User currently offlinejfk777 From United States of America, joined Aug 2006, 8372 posts, RR: 7
Reply 8, posted (3 years 8 months 4 hours ago) and read 25634 times:
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What a shame, DL could certainly use an extra P&W powered 744. This plane has 10 yaers left.

User currently offlineBirdwatching From Germany, joined Sep 2003, 3822 posts, RR: 51
Reply 9, posted (3 years 8 months 4 hours ago) and read 25391 times:

If you divide the purchase price by 5500 cycles, is there even a remote chance that this aircraft was ever profitable? Or if you divide the purchase price by 44K hours? Can somebody do the math here?

Soren   



All the things you probably hate about travelling are warm reminders that I'm home
User currently offlinepoz2brs From , joined Dec 1969, posts, RR:
Reply 10, posted (3 years 8 months 3 hours ago) and read 25147 times:

Quoting Birdwatching (Reply 9):
If you divide the purchase price by 5500 cycles, is there even a remote chance that this aircraft was ever profitable? Or if you divide the purchase price by 44K hours? Can somebody do the math here?

Not sure what the historical prices for the 744 were, but say $200M is a sensible ballpark figure, that would equate to purchase costs alone in excess of $4500 per hour of flight. I'm not optimistic that N185UA ever made a profit as a single frame, though I'm sure UA's 744 fleet as a whole has served them well.


User currently offlineSEPilot From United States of America, joined Dec 2006, 6907 posts, RR: 46
Reply 11, posted (3 years 8 months 3 hours ago) and read 25019 times:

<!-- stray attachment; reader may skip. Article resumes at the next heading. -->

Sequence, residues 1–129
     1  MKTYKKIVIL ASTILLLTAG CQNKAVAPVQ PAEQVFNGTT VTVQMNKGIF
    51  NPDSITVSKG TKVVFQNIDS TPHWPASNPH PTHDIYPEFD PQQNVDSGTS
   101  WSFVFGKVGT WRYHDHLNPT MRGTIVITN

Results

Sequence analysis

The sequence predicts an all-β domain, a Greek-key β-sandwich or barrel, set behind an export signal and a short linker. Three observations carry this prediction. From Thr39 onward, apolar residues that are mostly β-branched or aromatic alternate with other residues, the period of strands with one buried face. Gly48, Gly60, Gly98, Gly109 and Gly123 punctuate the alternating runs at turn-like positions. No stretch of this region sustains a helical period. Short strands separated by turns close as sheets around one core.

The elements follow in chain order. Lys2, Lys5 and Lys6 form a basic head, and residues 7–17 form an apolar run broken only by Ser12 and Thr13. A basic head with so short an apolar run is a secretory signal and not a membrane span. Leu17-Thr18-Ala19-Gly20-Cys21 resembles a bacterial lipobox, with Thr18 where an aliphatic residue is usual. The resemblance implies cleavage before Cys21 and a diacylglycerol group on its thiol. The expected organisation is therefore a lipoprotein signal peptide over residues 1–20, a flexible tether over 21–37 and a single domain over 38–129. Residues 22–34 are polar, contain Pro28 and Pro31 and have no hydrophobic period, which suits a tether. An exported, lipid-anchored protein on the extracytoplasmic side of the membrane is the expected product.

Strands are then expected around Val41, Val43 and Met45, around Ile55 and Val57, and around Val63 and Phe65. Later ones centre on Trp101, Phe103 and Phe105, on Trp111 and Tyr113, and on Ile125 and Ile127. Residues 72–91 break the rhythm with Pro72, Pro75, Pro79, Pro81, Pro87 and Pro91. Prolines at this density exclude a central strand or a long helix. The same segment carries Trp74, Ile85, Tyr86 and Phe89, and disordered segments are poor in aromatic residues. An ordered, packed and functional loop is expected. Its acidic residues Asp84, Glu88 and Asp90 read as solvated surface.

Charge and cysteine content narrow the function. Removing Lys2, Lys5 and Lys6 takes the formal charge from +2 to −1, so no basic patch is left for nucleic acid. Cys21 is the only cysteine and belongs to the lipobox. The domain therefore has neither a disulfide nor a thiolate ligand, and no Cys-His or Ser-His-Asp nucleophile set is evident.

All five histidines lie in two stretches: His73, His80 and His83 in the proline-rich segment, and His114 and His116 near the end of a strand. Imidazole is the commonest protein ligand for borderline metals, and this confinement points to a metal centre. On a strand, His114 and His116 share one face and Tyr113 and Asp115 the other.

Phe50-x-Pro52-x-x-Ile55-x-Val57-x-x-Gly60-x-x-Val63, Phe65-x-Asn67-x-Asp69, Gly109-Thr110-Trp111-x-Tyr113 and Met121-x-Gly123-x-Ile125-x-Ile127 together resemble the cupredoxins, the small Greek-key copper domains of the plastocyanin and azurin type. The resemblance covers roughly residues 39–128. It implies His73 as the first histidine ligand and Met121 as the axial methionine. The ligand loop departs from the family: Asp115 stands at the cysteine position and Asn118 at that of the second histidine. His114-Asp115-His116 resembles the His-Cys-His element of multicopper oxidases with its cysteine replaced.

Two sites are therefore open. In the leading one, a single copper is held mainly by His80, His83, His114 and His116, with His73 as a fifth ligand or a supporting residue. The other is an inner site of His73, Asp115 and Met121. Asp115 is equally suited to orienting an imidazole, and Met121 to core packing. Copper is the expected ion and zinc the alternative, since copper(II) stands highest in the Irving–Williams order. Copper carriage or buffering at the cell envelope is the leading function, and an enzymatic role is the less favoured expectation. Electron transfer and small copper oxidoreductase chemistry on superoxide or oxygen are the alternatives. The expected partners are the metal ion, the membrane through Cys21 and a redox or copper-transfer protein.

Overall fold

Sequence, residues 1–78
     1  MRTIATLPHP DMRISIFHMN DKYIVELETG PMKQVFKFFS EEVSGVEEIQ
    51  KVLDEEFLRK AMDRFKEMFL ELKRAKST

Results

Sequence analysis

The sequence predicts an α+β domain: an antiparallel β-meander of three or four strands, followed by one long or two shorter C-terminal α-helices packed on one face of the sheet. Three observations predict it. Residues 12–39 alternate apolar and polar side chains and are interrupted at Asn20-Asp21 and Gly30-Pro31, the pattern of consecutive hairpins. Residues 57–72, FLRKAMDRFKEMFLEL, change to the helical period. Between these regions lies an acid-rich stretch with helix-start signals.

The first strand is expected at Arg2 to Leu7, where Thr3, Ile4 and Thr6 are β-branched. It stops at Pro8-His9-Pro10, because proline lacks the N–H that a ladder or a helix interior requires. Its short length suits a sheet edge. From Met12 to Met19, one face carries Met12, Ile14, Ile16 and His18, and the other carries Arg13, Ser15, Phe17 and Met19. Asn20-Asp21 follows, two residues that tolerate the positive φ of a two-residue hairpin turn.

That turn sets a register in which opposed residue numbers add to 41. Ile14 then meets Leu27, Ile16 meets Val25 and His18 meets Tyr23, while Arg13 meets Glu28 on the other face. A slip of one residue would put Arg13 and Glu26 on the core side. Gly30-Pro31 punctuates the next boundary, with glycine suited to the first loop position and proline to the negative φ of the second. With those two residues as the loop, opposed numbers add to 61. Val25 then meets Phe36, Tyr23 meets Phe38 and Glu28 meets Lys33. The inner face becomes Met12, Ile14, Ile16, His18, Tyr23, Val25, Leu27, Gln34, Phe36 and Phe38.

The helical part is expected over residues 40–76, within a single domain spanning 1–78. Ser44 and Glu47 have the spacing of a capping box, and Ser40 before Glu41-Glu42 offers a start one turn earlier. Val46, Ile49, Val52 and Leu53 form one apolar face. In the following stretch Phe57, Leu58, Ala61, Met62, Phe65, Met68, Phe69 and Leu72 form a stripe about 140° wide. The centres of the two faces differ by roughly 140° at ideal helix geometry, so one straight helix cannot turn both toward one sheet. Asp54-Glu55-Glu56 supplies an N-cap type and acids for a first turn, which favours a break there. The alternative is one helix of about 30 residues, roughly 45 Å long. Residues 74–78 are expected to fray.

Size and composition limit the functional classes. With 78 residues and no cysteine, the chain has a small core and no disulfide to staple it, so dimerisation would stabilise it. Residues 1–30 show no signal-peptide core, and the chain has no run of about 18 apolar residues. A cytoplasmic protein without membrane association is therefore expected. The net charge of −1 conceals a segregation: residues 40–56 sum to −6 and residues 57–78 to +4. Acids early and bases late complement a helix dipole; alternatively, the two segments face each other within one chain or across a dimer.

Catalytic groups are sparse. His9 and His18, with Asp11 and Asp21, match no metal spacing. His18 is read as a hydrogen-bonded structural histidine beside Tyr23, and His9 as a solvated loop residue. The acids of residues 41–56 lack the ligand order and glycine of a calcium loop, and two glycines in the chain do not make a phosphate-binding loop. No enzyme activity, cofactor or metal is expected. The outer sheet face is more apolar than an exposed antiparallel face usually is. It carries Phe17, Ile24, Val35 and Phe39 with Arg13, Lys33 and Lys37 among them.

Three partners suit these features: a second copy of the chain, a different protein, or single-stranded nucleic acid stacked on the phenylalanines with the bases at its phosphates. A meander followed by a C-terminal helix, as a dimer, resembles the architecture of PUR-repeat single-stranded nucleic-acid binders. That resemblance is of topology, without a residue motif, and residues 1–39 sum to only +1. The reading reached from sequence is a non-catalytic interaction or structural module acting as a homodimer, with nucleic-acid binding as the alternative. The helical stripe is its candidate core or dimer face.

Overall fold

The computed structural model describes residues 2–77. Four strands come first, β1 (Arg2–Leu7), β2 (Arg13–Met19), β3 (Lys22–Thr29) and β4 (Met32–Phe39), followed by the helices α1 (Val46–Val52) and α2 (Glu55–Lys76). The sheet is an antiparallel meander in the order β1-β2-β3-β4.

Does this plane have any damage history, or anything like that? I would think it would have found a home as a freighter unless there was something particularly unattractive about that particular airplane.


The problem with making things foolproof is that fools are so doggone ingenious...Dan Keebler
User currently offlineAdmiralRitt From United States of America, joined Jan 2011, 25 posts, RR: 0
Reply 12, posted (3 years 8 months 3 hours ago) and read 24973 times:

C'mon DC9-50 fans, I know you are just itching to post that

table comparing cycle limits of the DC-9-50 versus this 744

and post that total number of service years of the oldest DC9-50 as well.


User currently offlineEMBQA From United States of America, joined Oct 2003, 9364 posts, RR: 11
Reply 13, posted (3 years 8 months 2 hours ago) and read 24815 times:

The answer is easy.. it all comes down to cost. If you can lease one of several planes for say $30,000 a month and this one is $50,000 a month which one are you going to choose..? I'm sure the lease rate was way above the current market.


"It's not the size of the dog in the fight, but the size of the fight in the dog"
User currently offlineBirdwatching From Germany, joined Sep 2003, 3822 posts, RR: 51
Reply 14, posted (3 years 8 months 2 hours ago) and read 24815 times:

But then again, scrapped does not mean given away, I assume the engines alone are worth a lot and are probably finding new owners?

Soren   



All the things you probably hate about travelling are warm reminders that I'm home
User currently offlineLAXintl From United States of America, joined May 2000, 25357 posts, RR: 49
Reply 15, posted (3 years 8 months 2 hours ago) and read 24233 times:

Come on guys. The 744 is yesterdays plane.